There’s been a bit of a hoo-ha around GCM and GVM in the world of 4WD and towing lately, including the recent announcement of the decision by the South Australian Government to reverse their ban on the installation of after market towing upgrades by certified Second Stage Manufacturers.
But what do GCM and GVM actually mean? What about towing capacity and GTM? What can I do about it and what are the consequences if I don’t do anything?
Note: The following is designed to be a guide only. Please contact the experts at TJM and they will talk you through your particular situation.
GVM (Gross Vehicle Mass)
The Gross Vehicle Mass (GVM) is the maximum your vehicle can weigh and is specified by your car’s manufacturer – you’ll usually find this in the plaque in the driver’s door-well, or in your owner’s manual. The weight indicated includes everything in and on your vehicle … you, your passengers, bullbar, tools, fridge, luggage, fishing gear, kitchen sink … as well as your tow ball weight.
Tip: know what your kerb weight is! Your kerb weight is what your vehicle weighs when it’s empty and in its ‘brand new’ state with no additions. If your vehicle weighs in at 2000kg and your GVM is 3200kg, then you know you’ve got 1200kg of load up your sleeve when you start adding accessories and fittings, but remember the more you add here, the less you can tow (read on to find out why).
This number is the maximum weight that your vehicle is recommended to tow and is specified by the manufacturers according to their engineering approvals. To complicate things, this capacity is dependant on the rating of your towbar; if your vehicle is rated to tow 3500kg but your towbar is only rated 2500kg, then you should go by the lower number.
GCM (Gross Combination Mass)
The Gross Combination Mass (GCM) is the maximum that everything can weigh. Once upon a time your GCM was simply calculated by adding your vehicle’s GVM to its towing capacity. Not anymore! Manufacturers are now specifying what your GCM is and it’s what the authorities are using to determine if you’re over the limit or not! This critical number can also be found in the driver’s side door-well.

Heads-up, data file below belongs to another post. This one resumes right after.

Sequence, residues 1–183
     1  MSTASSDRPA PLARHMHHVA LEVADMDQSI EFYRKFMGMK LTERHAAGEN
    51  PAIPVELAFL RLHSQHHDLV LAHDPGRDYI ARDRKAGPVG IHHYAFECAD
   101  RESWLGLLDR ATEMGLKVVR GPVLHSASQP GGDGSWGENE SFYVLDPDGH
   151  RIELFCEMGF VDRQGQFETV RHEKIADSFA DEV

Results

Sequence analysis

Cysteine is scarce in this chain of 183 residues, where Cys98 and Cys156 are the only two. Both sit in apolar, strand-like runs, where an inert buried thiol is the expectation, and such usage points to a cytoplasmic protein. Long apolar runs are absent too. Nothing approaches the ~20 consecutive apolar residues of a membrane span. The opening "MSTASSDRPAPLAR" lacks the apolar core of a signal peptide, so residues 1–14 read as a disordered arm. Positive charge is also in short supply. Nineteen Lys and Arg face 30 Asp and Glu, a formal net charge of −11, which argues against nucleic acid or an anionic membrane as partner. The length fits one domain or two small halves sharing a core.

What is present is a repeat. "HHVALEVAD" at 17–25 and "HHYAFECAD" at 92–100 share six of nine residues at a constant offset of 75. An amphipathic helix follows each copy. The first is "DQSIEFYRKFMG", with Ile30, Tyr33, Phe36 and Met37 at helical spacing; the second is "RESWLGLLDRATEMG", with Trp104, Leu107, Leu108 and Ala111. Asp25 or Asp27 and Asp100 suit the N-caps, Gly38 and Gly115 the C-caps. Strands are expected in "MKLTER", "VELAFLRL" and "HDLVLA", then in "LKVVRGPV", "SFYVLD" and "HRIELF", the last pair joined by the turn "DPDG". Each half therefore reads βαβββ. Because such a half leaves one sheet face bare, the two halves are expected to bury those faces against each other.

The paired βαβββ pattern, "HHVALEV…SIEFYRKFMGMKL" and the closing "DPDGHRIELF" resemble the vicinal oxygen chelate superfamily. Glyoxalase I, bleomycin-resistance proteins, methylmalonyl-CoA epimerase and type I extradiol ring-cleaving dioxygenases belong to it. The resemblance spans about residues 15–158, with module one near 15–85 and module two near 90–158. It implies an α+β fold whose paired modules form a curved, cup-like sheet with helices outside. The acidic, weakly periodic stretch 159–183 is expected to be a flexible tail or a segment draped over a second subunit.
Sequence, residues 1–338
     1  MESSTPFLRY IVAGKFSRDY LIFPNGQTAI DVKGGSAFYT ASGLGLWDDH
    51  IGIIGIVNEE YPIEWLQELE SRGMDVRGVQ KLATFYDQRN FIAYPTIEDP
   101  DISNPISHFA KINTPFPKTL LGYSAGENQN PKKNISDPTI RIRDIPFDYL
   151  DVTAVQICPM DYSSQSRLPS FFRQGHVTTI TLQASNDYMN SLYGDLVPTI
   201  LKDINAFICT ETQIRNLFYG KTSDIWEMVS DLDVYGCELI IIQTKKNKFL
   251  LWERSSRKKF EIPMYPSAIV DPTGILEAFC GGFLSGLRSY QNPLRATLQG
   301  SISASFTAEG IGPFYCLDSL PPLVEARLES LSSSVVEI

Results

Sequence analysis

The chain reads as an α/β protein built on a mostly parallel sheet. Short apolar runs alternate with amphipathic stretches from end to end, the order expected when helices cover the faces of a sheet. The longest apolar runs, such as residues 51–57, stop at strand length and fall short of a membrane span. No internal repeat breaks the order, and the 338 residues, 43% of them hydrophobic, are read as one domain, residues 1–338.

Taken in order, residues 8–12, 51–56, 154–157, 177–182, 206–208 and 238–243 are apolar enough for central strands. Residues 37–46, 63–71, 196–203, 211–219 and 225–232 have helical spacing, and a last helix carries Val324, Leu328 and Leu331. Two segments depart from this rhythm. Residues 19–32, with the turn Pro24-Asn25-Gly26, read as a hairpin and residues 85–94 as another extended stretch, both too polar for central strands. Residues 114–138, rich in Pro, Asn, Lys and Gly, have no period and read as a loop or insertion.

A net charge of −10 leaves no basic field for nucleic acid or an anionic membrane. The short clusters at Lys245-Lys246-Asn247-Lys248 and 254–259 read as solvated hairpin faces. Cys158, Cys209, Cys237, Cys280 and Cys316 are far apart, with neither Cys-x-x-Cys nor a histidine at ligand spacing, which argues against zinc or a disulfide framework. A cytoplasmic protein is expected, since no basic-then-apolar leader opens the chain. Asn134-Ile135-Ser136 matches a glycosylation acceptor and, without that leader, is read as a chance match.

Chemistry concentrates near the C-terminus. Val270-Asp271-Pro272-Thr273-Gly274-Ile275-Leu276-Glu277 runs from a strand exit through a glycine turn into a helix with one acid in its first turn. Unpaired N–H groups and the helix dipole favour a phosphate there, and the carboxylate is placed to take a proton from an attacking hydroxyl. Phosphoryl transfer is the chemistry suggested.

GTM (Gross Trailer Mass)
The maximum your trailer can weigh fully laden with any gear, water, gas bottles, annexe etc. This will be specified by your trailer manufacturer.
An (almost) real-life scenario
John and Judy are about to take to the road with their two children. They’ve bought an SUV and are going to kit it out with a bunch of items to make their trip more comfortable and enjoyable and their vehicle more efficient and safe.
Their setup has the following details:
Kerb Weight: 2111kg
Towing Capacity (towbar rating): 3500kg
*Note that the vehicle manufacturer has specified a GCM that is 700kg less than the sum of the GVM and Towing Capacity!
John has decided to add a bullbar, winch, a long-range fuel tank, sidesteps and drawers to his vehicle so now his kerb weight has increased significantly. Now add tools, luggage, kayak, roof rack, fridge, 2 adults, 2 children, booster seats and bikes and he’s seriously nudging – perhaps exceeding – his GVM.
As they’re hitting the road long-term, their van is fully packed and is pretty close to their GTM of 3000kg. Therefore his current GCM is well in excess to 6200kg … more than what his vehicle specifies and he’s in danger of fines, or worse, an accident!
What’s the solution?
There’s no need to trade in your vehicle for a Monster Truck. GVM and now GCM can now be upgraded through TJM South Australia
You can get a GVM upgrade using a certified compliant Lovells Upgrade kit fitted to most SUV’s. These will give you 300-500kg (depending on your vehicle make and model) of extra vehicle mass so that you can safely add some extra bits and pieces to your packing or rig.
Further to this, the recent backflip by the SA Government means that “GCM revision and towing upgrades can [also] be done on pre-registered vehicles by Second Stage Manufacturers with applicable evidence packages” (Media Release 16 September, 2019 – Lovells Springs). TJM is an authorised installer of Lovells GCM upgrades and compliance testing and certification is provided by an authorised State Engineering Signatory.
In their recent Media Release announcing their win to have the ban on GCM upgrades overturned, Lovells General Manager Mike Davison said: “Without an increase in legal towing capacities, many people towing caravans or trailers have been unknowingly breaking the law and voiding their insurance”. Not a good scenario for thousands of 4WD-ers across the state.
Do I need to upgrade?
The answer to this question will vary greatly depending on your vehicle (make, model and year), how many additions or modifications you’ve made (or are about to have made) and what you’re going to tow.
We recommend you visit your local TJM store and speak to one of our experts who can go through your specific scenario and make a recommendation that’s right for you.
Do you have questions or comments about GVM and GCM? Leave them below and we’ll do our best to answer them.
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